Floods Worsen in Southeast Asia, Nearly 3 million Affected
By Thein Lei Win 3 October 2013
BANGKOK– Flooding in Southeast Asian countries has worsened and has killed nearly 100 people and affected nearly 3 million in Cambodia, Vietnam, Laos and Thailand, the Red Cross said.
The floods, caused by heavy monsoon rains and a succession of storms that have passed over the region, have killed at least 95 people and displaced tens of thousands, according to figures from the Red Cross and the United Nations.
The floods in Laos, which began in June, are reported to be the country’s worst in 35 years and have killed at least 20 people and affected 350,000, the Red Cross said, adding that food, drinking water and medicines are needed at once.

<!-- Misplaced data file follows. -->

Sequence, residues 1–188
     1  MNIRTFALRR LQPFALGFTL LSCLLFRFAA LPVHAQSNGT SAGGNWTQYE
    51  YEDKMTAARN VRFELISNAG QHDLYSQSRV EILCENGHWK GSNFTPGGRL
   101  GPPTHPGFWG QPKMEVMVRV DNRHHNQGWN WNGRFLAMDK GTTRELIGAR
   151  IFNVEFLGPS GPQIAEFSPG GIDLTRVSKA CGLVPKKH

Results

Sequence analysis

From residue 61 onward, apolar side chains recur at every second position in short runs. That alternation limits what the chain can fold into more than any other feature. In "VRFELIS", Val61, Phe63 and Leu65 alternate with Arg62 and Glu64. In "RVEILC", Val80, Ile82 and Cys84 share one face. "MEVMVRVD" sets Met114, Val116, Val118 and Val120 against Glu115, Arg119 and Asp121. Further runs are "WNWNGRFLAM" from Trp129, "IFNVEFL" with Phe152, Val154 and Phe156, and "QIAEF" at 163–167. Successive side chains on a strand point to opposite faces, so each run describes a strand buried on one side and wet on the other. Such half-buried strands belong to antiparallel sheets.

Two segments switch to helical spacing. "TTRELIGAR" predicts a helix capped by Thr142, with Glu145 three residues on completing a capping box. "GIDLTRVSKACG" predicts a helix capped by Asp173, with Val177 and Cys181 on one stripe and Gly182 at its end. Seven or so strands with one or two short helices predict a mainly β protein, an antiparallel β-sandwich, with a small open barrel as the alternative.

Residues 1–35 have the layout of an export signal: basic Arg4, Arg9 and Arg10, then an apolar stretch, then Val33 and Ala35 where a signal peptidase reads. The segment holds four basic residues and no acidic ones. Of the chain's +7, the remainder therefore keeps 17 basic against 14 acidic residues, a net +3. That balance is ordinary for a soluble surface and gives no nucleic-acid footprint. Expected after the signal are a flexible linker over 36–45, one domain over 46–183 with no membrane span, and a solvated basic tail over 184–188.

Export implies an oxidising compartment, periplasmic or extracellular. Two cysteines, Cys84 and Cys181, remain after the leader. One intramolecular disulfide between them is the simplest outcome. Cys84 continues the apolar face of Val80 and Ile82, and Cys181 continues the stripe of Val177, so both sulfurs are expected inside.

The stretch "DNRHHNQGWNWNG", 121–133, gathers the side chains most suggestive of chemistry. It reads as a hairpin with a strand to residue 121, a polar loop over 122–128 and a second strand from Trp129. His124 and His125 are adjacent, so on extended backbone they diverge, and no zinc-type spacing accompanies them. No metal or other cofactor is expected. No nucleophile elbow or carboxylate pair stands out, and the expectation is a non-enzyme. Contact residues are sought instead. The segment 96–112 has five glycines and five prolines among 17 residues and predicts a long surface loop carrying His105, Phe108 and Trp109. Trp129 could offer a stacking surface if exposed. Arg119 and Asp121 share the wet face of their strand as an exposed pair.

In Cambodia, up to 30 people have died and some 374,000 are affected, the United Nations said. More than 67,500 houses and 500 schools have been flooded, roads, bridges and other infrastructure are damaged and there are concerns Typhoon Wutip could worsen the situation in already flooded areas.
In Vietnam, more than 100,000 people in four provinces were evacuated before Typhoon Wutip made landfall on Sept. 30. Over 150,000 houses were damaged or collapsed as the typhoon passed, leaving almost 80,000 households sheltered by friends and neighbors, the Red Cross said.
Government figures in Thailand show that nearly 8,000 villages in 29 provinces have been affected by floods since Sept. 17. A total of 2.1 million people live in the affected areas.